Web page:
More often than not, when we travel to an unfamiliar place – whether it’s a new summer haven or a developing tourist spot, one of the first things we ask is directions on how to get there. We’d search for a roadmap and study it, so that when we decide to go, we wouldn’t be lost.
This is based on a devotion I shared over the weekend. Somehow, I was convicted to write it down to clear the points I’ve mentioned in the message and support them with scripture. For those who’ve heard the devotion, I hope this article would convey the points I wanted to bring across more clearly.
Somehow, we behave the same way when it comes to God’s Will. When God casts His vision, we would want to ask Him for full details. But God often reveals them step by step.
Over the past couple of weeks I’ve encountered two stories in the bible that fascinated me. One is in Mark 8:22-26 where Jesus performed a two-staged miracle in healing a blind man from Bethsaida. The other is from 2 Kings 2:1-11 where Elijah was taken up to heaven. I had the same question on both stories – why did God made the blind man and Elijah go through “checkpoints”? Why did He reveal His Will step by step? What was God’s point in doing so?
God wants us to know who He is. It is often hard to know God’s will in certain aspects of our lives, not because we don’t pray enough nor is it because He’s just messing up with our heads. All over scripture God tells us, “I am the Lord your God”. In our anxious moments to know what God has in store for us at the end of His Will He tells us, “Be still and know that I am God” (Psalm 46:10). I believe that more than the destination, He wants us to know who He is – His omnipotence, His omnipresence, His omniscience, His joy, His peace, and His love.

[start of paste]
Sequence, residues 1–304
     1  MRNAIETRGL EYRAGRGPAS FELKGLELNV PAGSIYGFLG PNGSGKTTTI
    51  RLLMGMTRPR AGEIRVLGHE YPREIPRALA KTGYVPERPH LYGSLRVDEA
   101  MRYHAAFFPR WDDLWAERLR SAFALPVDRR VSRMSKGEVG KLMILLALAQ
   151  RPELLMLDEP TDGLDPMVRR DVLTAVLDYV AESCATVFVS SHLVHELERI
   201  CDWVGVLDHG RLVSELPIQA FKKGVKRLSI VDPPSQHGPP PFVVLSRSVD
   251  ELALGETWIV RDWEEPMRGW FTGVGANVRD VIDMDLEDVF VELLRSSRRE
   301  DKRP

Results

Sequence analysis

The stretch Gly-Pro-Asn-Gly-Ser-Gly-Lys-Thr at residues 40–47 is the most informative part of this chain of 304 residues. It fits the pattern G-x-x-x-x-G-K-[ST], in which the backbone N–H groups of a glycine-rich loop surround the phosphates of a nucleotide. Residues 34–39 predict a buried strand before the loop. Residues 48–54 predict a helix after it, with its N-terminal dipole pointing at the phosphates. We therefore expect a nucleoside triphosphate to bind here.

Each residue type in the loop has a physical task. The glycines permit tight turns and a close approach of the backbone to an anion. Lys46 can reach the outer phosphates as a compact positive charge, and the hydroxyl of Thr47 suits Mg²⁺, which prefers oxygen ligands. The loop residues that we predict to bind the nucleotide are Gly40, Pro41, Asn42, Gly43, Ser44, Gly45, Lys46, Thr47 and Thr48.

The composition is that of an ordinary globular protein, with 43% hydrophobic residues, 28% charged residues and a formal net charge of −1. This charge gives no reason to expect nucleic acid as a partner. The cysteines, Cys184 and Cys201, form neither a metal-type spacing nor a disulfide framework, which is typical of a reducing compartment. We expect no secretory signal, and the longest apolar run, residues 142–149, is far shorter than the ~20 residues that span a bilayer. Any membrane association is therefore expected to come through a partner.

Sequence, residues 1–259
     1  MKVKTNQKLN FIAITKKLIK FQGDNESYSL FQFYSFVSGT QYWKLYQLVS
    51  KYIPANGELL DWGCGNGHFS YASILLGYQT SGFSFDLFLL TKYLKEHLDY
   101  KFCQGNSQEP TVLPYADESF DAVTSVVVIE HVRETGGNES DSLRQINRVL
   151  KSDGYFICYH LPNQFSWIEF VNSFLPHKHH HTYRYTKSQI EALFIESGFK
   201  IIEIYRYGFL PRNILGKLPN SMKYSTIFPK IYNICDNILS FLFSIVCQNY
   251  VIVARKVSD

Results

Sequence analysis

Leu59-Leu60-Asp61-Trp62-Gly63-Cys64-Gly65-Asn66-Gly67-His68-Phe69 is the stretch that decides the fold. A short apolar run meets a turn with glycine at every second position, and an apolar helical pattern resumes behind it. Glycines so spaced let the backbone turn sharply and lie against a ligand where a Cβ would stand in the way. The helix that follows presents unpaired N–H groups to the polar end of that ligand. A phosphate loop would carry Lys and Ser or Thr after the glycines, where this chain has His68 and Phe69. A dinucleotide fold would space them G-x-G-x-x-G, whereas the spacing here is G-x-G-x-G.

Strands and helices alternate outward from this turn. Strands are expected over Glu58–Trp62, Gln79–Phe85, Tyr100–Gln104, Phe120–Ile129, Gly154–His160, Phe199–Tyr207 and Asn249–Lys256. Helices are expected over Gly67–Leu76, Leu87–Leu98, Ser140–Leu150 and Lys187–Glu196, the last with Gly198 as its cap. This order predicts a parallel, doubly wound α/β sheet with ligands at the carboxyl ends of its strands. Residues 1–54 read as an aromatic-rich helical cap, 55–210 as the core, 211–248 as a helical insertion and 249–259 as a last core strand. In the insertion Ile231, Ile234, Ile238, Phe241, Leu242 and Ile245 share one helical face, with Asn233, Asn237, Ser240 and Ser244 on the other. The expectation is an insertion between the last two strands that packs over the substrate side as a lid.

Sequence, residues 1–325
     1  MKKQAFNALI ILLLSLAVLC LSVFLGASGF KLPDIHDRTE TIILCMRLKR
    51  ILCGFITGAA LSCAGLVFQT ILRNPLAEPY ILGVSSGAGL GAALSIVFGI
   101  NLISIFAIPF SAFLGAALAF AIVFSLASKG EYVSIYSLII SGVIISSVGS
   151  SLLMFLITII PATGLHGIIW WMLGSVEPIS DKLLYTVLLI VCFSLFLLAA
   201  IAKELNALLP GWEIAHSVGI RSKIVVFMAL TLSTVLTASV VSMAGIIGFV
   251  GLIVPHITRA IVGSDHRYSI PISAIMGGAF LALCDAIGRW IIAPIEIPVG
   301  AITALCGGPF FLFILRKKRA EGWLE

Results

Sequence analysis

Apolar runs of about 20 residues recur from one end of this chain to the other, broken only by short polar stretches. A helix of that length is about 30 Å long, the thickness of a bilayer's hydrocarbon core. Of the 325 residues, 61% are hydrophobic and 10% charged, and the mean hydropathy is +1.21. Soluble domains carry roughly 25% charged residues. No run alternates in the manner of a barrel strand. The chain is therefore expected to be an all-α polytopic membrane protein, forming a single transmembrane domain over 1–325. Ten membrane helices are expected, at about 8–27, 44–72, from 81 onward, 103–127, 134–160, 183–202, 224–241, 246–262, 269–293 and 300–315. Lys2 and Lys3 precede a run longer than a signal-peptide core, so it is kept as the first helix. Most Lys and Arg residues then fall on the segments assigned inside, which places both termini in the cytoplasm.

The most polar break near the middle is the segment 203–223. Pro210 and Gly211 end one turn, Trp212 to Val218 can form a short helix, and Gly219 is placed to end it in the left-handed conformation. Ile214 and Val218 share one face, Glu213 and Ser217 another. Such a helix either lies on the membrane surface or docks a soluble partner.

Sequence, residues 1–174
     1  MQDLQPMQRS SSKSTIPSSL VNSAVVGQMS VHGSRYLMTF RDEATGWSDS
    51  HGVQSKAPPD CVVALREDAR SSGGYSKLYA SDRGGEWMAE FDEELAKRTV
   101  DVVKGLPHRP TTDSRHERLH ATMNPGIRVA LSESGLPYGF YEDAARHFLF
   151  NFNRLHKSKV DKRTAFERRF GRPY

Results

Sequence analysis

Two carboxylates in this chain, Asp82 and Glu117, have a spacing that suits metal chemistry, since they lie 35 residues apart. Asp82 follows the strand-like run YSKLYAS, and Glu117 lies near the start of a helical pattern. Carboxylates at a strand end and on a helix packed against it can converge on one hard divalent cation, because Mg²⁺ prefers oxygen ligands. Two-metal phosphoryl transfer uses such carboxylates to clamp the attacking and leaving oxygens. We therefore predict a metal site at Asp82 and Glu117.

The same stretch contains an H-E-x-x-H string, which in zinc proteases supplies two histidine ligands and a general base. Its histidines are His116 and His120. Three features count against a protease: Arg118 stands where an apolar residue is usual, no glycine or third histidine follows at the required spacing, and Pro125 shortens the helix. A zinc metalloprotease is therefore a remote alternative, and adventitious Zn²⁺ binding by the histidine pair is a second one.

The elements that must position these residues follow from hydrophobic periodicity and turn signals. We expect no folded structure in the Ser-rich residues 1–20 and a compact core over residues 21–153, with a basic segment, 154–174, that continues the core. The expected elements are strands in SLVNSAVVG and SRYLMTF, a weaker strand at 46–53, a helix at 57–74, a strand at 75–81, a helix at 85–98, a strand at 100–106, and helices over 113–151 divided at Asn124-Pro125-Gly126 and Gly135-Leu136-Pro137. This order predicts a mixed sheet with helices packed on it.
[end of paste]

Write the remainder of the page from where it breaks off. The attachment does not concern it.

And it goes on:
Christ makes us ready, and often that takes time. Ecclesiastes 3:1 tells us that there is a time for everything. It’s true that God casts His vision on us – but He reveals the steps to achieve that vision step by step. He told Abraham that he will be the father of all nations, but God didn’t tell Him right away that He will test his faith by asking him to sacrifice Isaac. He had a vision for Nehemiah to rebuild the walls of Jerusalem, but it wasn’t until chapter 4 that opposition came.
Try doing this as an experiment. Go to a room with bright lights and stay there for a while, then suddenly turn off the lights. Notice that at that instant all you will see is pitch black, but give it time and slowly your eyes will adjust and you’ll start seeing. In the same way when you suddenly turn on the lights, you squint because the light is too much and your eyes aren’t ready for it, but in a few moments they will adjust and you will see things clearly.
Think of it the same way with God’s Will. 1 Corinthians 13:12 says “…Now I know in part; then I shall know fully, even as I am fully known.”
God wants us to trust Him. The notion of the unknown often gives way to trust in the One who truly knows. The bible tells us, “Trust in the Lord with all your heart and lean not on your understanding” (Proverbs 3:5). This involves trusting Him in situations where we will be inconvenienced, situations we don’t want to be in or situations we want to skip. We hold on to the promise that in all things God works for the good of those who love him, who have been called according to his purpose. (Romans 8:28)
Instead of having a roadmap, wouldn’t be better to have someone who truly knows where we are supposed to go walk us there?